Two clear benefits of CVADs in patients with hemophilia are the ease of access and administration of replacement therapies to treat or prevent bleeding episodes and the reduction of long-term damage to peripheral veins. The use of CVADs has increased patient and family freedom from the need for immediate access to medical care. CVADs have decreased the fear of pain associated with venipuncture in children and decreased the need for visits to physicians, emergency rooms, and treatment centers for infusion therapy. The majority of patients and families can be taught appropriate care of these devices to provide a safe level of care at home.

There are many potential risks associated with the use of CVADs; chief among them are infection and thrombosis.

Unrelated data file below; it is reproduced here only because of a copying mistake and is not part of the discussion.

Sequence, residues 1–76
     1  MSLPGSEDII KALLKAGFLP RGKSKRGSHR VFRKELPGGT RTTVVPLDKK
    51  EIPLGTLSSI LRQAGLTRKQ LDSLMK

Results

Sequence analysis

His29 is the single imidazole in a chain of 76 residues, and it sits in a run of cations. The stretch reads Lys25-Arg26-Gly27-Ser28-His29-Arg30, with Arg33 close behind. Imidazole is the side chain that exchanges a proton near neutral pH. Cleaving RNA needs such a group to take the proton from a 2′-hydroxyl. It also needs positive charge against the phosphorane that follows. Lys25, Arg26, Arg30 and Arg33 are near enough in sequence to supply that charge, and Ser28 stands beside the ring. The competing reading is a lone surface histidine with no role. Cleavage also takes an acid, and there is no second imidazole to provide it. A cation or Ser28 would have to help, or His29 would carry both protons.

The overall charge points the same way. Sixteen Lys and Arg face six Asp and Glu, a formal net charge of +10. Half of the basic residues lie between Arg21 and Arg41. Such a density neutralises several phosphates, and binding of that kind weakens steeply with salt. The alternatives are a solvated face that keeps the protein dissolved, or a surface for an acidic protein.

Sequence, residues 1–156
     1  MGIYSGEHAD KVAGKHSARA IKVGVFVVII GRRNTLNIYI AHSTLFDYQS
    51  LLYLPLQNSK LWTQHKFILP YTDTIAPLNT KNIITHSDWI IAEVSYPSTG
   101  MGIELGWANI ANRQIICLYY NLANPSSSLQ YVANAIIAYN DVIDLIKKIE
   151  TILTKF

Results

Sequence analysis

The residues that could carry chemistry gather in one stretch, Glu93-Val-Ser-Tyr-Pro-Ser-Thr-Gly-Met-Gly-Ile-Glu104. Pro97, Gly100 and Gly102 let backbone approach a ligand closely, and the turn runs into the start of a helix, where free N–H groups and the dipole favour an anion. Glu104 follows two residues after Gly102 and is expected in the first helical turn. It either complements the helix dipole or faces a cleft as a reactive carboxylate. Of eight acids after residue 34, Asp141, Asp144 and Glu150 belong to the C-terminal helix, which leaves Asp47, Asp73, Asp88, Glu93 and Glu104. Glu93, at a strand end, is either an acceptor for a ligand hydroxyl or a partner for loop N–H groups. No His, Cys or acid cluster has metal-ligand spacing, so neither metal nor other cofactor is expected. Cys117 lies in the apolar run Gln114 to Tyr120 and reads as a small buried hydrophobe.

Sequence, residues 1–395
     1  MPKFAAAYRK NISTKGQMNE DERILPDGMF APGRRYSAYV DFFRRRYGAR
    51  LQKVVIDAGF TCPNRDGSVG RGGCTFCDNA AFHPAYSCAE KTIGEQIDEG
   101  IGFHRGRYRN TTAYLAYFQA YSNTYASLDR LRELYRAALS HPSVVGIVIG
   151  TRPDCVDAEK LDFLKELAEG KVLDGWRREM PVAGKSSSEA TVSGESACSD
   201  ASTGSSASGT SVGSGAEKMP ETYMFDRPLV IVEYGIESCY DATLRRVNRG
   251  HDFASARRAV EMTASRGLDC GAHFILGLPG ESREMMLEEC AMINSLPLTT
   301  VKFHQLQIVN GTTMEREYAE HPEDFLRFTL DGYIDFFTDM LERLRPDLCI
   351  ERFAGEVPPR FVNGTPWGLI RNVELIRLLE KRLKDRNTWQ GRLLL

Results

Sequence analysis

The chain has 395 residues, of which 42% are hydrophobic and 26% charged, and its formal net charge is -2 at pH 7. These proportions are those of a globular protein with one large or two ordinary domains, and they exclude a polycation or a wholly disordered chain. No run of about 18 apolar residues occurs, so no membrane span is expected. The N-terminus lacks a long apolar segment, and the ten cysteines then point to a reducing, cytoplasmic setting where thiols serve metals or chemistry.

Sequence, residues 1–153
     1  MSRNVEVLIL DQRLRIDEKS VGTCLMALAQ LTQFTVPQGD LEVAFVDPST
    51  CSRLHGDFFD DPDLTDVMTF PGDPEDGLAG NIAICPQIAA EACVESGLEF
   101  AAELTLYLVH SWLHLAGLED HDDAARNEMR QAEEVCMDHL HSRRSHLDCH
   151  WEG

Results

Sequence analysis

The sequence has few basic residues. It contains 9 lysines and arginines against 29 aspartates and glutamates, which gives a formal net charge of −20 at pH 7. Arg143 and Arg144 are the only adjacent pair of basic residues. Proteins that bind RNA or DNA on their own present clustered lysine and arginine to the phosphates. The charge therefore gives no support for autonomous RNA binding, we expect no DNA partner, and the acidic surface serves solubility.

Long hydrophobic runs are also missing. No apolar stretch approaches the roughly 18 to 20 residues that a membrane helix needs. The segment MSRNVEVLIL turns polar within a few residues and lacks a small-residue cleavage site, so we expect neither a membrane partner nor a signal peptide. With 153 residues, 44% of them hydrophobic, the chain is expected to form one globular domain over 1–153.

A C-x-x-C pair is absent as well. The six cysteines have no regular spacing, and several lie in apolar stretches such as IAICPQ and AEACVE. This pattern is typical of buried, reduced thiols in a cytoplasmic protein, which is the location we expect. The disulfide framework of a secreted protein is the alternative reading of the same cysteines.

CVADs are foreign bodies that may become infected. Infection may arise due to inadequate sterile technique when accessing the device, but may also arise in face of appropriate sterile technique. Infections of CVADs are potentially serious and in some instances life threatening, as these devices are in direct communication with the blood supply and may lead to rapid growth of bacteria and overwhelming infection in the patient. The frequency of occurrence of line sepsis varies as reported in different publications depending upon the center and method of calculation. Calculated based upon the number of catheter days, the infection rate for Ports is approximately 0.4/1000 catheter days (1). If infection rates are calculated as a percentage of the population of all patients with Ports, the reported rate varies from 8-55% (2-5). Infections appear to be more common in children less than 2 years of age, children with inhibitors, children with a history of previous CVAD infection or thrombosis, and children whose lines have to be accessed frequently. Other risk factors for infection include poor oral hygiene and presence of dental cavities and/or abscesses. CVADs with more than one lumen have an increased risk of infection, at least in externalized lines. Some medical conditions are associated with an increased risk of infection, including those with immune system compromise such as HIV. Recurrent infections in one device should trigger a follow-up investigation of risk factors in the patient and discussion with the care provider about sterile techniques and ways to minimize further infection.